Nanette Mees is a registered Republican and a textbook example of Virginia’s shift from red to blue.
Her last Republican vote for president was in 2004, which is also the last time a GOP presidential nominee – George W. Bush back then – carried suburban Loudoun County and the commonwealth.
In the nearly two decades since, Mees voted for Barack Obama twice, Hillary Clinton and Joe Biden.
“I mean, abortion, guns – those are two big things,” said Mees, explaining her choice to vote Democratic in the past four presidential elections.
She is prepared to extend that streak to five next November, but not without hesitation.
“I don’t think he is the perfect one,” Mees said of Biden. “But if I have to pick between him and [Donald] Trump, who I would never, ever, ever vote for, it would be Biden. I would just pray.”
That choice is a year away.
A more immediate choice will also have significant national ripples – Tuesday’s legislative elections in Virginia, where control of the state House and Senate is at stake. The outcome will impact America’s abortion debate, its broader political fight for supremacy in the suburbs and the ambitions of the commonwealth’s Republican governor, Glenn Youngkin.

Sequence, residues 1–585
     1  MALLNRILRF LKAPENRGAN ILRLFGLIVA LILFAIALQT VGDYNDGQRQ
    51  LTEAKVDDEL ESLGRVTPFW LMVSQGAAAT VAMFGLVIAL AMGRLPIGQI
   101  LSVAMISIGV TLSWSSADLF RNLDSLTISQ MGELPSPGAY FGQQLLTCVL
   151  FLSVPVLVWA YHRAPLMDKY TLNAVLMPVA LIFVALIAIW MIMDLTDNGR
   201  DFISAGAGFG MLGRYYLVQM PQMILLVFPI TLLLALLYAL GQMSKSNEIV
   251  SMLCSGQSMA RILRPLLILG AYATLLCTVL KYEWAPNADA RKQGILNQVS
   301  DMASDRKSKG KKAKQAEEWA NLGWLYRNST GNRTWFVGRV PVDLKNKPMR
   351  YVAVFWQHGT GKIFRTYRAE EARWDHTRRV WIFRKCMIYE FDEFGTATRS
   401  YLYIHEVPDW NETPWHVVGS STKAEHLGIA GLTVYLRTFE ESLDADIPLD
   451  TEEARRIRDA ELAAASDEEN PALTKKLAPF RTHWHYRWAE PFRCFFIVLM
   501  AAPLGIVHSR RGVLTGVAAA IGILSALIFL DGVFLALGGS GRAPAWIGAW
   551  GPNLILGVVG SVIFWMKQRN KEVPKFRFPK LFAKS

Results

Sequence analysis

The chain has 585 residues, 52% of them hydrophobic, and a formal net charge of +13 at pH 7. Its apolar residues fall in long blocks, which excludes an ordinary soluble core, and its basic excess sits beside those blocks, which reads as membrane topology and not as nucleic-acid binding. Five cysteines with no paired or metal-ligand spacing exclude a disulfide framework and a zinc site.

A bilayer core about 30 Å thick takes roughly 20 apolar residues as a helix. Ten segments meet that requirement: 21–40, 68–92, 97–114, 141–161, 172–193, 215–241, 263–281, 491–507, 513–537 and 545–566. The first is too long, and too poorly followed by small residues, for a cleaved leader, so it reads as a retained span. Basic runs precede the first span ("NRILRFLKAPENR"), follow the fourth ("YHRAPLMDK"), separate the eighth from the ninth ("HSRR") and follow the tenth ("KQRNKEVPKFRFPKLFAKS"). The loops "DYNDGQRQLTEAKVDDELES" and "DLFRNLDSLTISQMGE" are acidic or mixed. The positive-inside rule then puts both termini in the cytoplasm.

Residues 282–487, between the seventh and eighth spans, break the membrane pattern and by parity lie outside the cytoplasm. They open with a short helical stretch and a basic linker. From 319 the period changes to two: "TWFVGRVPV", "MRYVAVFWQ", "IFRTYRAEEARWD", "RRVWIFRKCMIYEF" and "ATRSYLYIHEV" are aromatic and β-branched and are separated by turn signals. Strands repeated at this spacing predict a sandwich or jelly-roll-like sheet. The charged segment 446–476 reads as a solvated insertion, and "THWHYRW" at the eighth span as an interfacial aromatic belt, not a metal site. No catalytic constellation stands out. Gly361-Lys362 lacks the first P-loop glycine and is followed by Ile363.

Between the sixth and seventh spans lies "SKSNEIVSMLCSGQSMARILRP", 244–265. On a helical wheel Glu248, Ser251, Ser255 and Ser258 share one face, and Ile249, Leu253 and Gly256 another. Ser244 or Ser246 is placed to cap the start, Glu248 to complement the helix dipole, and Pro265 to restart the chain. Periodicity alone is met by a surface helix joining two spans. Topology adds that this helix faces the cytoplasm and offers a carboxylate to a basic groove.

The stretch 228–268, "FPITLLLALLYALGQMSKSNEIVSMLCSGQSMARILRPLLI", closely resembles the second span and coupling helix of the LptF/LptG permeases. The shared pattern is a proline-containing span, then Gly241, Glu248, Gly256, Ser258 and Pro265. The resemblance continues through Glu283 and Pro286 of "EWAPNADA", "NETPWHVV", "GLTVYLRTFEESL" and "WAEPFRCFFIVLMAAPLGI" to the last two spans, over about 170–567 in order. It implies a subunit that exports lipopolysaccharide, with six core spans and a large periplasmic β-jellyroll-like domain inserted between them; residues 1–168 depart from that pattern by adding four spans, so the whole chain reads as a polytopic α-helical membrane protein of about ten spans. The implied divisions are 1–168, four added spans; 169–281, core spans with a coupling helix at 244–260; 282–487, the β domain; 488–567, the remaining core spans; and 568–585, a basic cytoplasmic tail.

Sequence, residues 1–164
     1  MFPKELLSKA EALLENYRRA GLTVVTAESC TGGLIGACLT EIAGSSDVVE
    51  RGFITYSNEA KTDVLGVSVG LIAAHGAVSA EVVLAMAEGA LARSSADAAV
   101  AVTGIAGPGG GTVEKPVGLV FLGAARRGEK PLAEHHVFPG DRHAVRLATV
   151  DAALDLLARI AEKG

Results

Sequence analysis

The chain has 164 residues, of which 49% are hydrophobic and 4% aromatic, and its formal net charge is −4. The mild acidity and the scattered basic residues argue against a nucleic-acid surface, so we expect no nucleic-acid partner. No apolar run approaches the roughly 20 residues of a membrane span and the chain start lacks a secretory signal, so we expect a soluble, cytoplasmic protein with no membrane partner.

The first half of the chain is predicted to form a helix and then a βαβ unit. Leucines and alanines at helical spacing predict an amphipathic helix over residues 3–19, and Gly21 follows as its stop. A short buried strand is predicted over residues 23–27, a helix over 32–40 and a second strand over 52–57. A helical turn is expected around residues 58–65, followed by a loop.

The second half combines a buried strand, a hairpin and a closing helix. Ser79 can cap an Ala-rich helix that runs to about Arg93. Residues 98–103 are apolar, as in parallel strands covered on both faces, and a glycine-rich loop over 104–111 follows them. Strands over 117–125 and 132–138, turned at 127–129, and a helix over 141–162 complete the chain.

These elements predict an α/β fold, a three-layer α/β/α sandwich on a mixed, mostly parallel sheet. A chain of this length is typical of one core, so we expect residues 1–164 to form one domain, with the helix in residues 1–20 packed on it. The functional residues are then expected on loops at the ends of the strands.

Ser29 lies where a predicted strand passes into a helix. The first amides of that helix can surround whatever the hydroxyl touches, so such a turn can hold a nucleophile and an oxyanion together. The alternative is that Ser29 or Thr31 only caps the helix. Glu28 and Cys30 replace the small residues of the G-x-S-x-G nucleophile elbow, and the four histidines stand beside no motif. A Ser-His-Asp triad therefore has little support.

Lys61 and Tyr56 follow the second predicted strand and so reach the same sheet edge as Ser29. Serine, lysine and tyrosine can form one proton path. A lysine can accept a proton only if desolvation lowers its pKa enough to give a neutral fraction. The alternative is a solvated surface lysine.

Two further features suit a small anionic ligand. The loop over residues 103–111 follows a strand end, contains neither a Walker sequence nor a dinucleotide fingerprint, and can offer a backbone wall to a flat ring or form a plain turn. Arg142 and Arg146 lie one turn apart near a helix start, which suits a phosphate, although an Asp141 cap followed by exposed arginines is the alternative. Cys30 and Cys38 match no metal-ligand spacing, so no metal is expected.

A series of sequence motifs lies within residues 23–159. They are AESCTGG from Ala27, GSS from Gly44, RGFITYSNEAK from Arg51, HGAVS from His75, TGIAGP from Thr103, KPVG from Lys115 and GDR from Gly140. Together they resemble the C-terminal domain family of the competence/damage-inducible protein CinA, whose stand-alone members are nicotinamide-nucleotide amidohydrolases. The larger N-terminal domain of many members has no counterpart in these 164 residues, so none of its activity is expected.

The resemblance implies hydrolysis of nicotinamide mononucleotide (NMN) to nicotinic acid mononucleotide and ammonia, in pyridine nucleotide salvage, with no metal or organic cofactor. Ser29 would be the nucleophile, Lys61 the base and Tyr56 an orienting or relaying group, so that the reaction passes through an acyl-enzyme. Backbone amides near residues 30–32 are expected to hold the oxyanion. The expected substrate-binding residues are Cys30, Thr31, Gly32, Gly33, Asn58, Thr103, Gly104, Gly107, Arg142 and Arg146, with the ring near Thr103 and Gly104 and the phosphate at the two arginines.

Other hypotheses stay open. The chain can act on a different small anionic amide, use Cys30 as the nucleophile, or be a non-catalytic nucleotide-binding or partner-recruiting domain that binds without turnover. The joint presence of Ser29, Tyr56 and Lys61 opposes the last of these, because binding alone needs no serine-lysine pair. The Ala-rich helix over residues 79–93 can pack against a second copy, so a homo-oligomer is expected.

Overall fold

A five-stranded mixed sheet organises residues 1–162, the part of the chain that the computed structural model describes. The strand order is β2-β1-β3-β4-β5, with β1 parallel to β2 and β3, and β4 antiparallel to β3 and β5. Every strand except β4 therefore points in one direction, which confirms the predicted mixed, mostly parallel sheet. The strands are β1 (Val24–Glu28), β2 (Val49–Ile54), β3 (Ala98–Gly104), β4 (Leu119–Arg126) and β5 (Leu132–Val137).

“Hold the House, flip the Senate” has been Youngkin’s mantra campaigning for GOP candidates in the run-up to Tuesday. The governor, who is about halfway through his term and not on the ballot, sees himself as a Republican who appeals to both the GOP’s Trump base and suburban voters.
And he thinks he can maintain that appeal while pushing new abortion restrictions, promising that if Republicans take full control of the legislature, they will pass and he will sign legislation to outlaw abortions after 15 weeks, with exceptions for rape, incest and the life of the mother.
His Spirit of Virginia political action committee has spent heavily, and Youngkin’s rallies across the state look very much like a presidential test run. The legislative candidates get a few minutes to make their case, and then Youngkin promises, if given a Republican legislature, to cut taxes, boost police spending and give parents more rights over school curricula.
“The other side is so afraid of losing Virginia totally because in 24 months we’ve turned this state from blue to red,” Youngkin said at a rally last month in Henrico County.
Missing from his rally speeches: any mention of abortion.
The governor rejects the idea that he omits abortion because of worries his proposal will alienate swing voters.